RAYNHAM — From yard signs to the Internet, information is flooding all channels of communication in anticipation of Saturday’s override vote in Raynham.
From yard signs to the Internet, information is flooding all channels of communication in anticipation of Saturday’s override vote in Raynham.
“The soul of the community is at stake,” said Town Selectman John Donahue during the taping of a local cable show at town hall this week. “The quality of life [in Raynham] is all about education.”
In case you missed the e-mails and newspaper reports, Saturday is Election Day in Raynham. Although no politicians are running for office, the school department is asking for an additional $874,317 in taxes to help pay for education.
“We urge everyone to please vote,” said Selectman Donald L. McKinnon at Tuesday night’s meeting of the Board of Selectmen. McKinnon wants to see a strong turnout at the polls, regardless of the outcome, so the intent of the community can be acknowledged.
Bridgewater-Raynham School Committee member, Stephen Donohue, attended the last two selectmen’s meeting to marshal support for the override.
“It’s not a pretty picture,” warned Donohue about the consequences of losing the vote and school funds.
“All students in Raynham would have one less hour of education,” Donohue said. A defeated override would also force the school committee to choose between eliminating departments such as music, art, foreign language and physical education, or to keep the classes, referred to as specials, and increase class sizes to as many as 46 students.
“We’re in a situation where we’ll be, essentially, debating bad decisions,” Donohue said.
Selectman Joseph Pacheco, a 2007 graduate of Bridgewater State College, said he chose classes in college with the fewest number of students.
“I loved smaller class sizes,” he said. “To take that opportunity away from kids is really unacceptable.”
After Donohue spoke, the three Raynham selectmen took turns attesting to the need for boosting school funds.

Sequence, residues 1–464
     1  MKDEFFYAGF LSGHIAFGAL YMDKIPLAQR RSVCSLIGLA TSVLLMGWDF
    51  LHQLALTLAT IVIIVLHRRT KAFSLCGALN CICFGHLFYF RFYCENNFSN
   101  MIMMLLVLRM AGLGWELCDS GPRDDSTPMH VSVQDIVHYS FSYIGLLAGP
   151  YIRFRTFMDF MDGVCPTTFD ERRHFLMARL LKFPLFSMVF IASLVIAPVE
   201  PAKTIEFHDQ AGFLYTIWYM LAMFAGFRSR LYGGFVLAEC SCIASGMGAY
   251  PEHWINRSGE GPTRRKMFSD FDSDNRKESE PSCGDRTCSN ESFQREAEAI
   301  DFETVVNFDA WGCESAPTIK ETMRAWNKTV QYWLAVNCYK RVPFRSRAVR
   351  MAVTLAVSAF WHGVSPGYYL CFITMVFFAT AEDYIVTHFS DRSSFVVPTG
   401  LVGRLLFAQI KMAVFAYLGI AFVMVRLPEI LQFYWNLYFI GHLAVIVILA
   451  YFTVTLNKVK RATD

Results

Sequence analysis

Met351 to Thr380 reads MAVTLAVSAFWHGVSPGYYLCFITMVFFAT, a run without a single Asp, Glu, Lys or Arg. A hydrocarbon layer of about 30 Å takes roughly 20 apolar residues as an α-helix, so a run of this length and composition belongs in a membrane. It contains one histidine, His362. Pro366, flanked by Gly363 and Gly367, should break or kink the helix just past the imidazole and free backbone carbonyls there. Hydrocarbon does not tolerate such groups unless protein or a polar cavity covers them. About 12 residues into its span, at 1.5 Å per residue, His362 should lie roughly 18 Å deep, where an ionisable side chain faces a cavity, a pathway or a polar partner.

Donahue explained in terms of relative cost to taxpayers. He said the $874,317 was fairly small; the average cost for taxpayers would be $164 per year, or 45 cents per day.
“It’s an acknowledgment that expenses have exceeded our ability to raise revenues,” he said.
McKinnon responded to reports of an anonymous flyer discouraging seniors citizens in Raynham of voting in favor of the measure.
“It’s a little bit disheartening that someone singled us out as a weak link,” said McKinnon, 74.
“There’s still a lot of misinformation,” said school committee member Pat Riley, who has been discussing the override vote on her weekly Raynham cable show “Inside Scoop.”
Riley said many voters are calling and e-mailing with questions about the vote. “There’s been an increase in awareness and interest. It’s all we can ask for,” Riley said.
Riley is also coordinating pro-override rallies at the Four Corners intersection Thursday and Friday afternoon and outside the polling stations on Saturday.
Although voters are only being asked to approve or reject one item on the ballot, several scenarios could take place depending on Saturday’s outcome.
If taxpayers in Raynham approve a contribution of $12.4 million to the joint district budget, a district meeting between Raynham and Bridgewater voters would be held in August to restore the full $55.7 school department budget.
If voters approve the full $55.7 million at joint district meeting, the entire budget is adopted.
If voters deny the school budget at the joint district meeting, the $874,000 is returned to the Raynham Board of Selectmen, which has the option of calling for a special town meeting to decide to grant all or a portion of the funds to Raynham students in grades k-8.
If the Raynham override vote is defeated, but the entire budget is approved at the joint district meeting, each town would schedule separate public meetings to fulfill the requirement of the full budget, most likely at the expense of other town services.
If the override is defeated in Raynham and at the district meeting, the budget defaults to $53.4 million and the cuts in services and staff commence.
The voters are already lining up in Raynham.
At town hall, voting by absentee ballot is setting a record.
“It’s unbelievable, they’ve been coming in steadily,” said Marsha Silvia, who said over 200 absentee ballots — a record for Raynham — have been cast as of Thursday afternoon.
She expects many of Raynham’s 8,775 registered voters to cast ballots on Saturday.
Polls are open from 10 a.m. to 8 p.m. on Saturday. Residents from precincts 1 and 3 vote at the Merrill School on Pleasant Street. Voters in precincts 2 vote at the senior center on King Philip Street.